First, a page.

A Chameleon of a Christian

The main thrust of the Parable of the Soils (Matthew 13:1–23, Mark 4:1–20, Luke 8:4–15) is how one responds to the Word of God. It categorizes four kinds of responses (hearts) unbelievers manifest as they hear the Word of God (seed) sown to them. Number one is the hard heart whose hardness resists the Word of God and makes it easy for the devil to come and take away the Word from their heart so that they may not believe and be saved. The second kind is the shallow heart. It receives the Word with joy when they hear it. But they have no root. They believe for a while but in time of testing they fall away. The third one is what I would call the crowded heart. They are the ones who hear the Word but as they go on their way, they are choked by life’s worries, riches, and pleasure. And they do not mature. The fourth and last response is the good and noble heart. They hear the Word, retain it, and by perseverance produce a crop, some a hundredfold, some sixty, some thirty.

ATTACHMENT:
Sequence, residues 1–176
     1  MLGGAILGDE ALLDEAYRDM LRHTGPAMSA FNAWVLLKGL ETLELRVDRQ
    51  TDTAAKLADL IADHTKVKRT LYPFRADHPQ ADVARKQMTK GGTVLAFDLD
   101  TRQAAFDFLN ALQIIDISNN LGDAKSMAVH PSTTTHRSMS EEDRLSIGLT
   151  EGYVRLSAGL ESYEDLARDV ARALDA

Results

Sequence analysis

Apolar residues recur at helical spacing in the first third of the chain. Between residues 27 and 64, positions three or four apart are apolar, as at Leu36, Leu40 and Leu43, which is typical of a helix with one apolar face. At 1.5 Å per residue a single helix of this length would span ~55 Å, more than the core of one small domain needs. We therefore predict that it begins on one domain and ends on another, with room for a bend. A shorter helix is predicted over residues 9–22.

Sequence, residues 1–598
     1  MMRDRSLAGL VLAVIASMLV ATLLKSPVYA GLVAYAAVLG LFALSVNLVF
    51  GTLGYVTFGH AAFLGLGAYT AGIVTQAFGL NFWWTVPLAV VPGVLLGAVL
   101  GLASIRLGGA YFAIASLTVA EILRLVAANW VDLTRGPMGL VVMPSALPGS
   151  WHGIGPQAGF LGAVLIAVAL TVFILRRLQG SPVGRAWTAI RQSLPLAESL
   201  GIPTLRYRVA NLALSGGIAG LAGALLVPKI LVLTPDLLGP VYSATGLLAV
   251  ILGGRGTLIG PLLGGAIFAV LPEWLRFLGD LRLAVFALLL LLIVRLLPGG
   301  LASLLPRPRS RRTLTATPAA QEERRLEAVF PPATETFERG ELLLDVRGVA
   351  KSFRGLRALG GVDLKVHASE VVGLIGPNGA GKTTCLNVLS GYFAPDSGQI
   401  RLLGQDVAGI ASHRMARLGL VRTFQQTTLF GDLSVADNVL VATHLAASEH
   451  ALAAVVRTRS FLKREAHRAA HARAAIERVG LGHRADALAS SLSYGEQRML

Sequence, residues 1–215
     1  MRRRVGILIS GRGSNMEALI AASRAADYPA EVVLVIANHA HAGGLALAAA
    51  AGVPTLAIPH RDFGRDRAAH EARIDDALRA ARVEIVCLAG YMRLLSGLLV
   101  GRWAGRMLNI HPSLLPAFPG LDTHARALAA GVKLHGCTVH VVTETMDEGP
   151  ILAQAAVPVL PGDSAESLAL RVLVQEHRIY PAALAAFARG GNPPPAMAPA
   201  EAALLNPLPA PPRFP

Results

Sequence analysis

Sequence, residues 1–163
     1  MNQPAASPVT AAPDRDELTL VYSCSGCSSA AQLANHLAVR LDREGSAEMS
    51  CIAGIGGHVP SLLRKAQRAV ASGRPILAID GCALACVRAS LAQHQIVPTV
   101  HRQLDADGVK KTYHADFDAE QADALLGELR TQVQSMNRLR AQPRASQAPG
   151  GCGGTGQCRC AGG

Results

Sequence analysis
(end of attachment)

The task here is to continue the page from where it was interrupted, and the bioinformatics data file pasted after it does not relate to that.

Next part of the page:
But why should I spend time talking about resistant hearts, why spend time talking about shallow hearts, why spend time talking about crowded hearts to believers who have trusted Christ as their Savior? Why should I be talking about having the Word of God stolen by Satan, or starved by the flesh, or strangled by the world? Why am I talking about this way? I think there is another application to this parable; not a primary one, but something worth our while as Christians. Let me introduce you to a believer. His name is Juan de la Cruz. You know him well. And Juan has come to faith in Christ. You would never question the fact that he is a believer in the Lord Jesus Christ. If you doubt it, ask him, he’ll tell you so. Juan de la Cruz is like many of us. We discover that how we respond to various situations may represent the four different hearts that Juan may have. When it comes to church, he’s a good soil. He loves the Word of God, and in fact he has a good number of verses tucked in his memory. But when Juan goes to work, he acts strangely. Because you see Juan is filled with worry. He’s on a career path, and that career path is so important to him that in the interest of business, and since ‘everybody does it’, he compromises a little bit here and a little bit there. And because he wants to get up to a higher grade salary level, or to get that promotion, he makes a trade-off with his faith. And suddenly, Juan discovers in his relationship to business, he’s got a crowded heart, and he’s not as fruitful spiritually at work. What about Juan de la Cruz in his relationship with other people, perhaps even in relationship to his family? You begin to discover that Juan, ye this same man who when it comes to church can be very faithful. When he’s out in business he can have a crowded heart because of the worries and the desire for possessions and all of these things. But when it comes to relationships you discover that Juan can be very emotional such that when he meets a person, he can just give him over to that person only to find out later when adversity comes, and his own personal convenience is compromised he cringes himself away from any involvement to that person. Juan can be very emotional, but he can be very superficial in his relationship and have a very shallow heart if he’s not careful. And when it comes to income tax time, when it comes to bedrock issues Juan can even have a resistant heart, despite the fact the Bible says that we need to be characterized with honesty and integrity. I submit to you we all have a mirror from Jesus and to each of our own hearts we want to be good soil people, and yet it’s possible that in some situations we are very crowded hearts, and still in other situations we have very shallow hearts. We must realize that when God begins to plow deeply, He wants to plow the whole heart. You and I need to come to an awareness that Jesus is not Lord of just a part of our lives. He is Lord of all of our lives. You and I need to understand that we ought to listen when God speaks, then we become aware of the fact that we are responsible for what we hear. We are responsible to take that seed and allow it to work so in our life that it touches every part of our life. Because we ultimately lose what we don’t use. The seed is the Word of God and the four kinds of soils represent man’s heart. What kind of heart do you have today? Do you know how I could tell? I can tell by how you respond.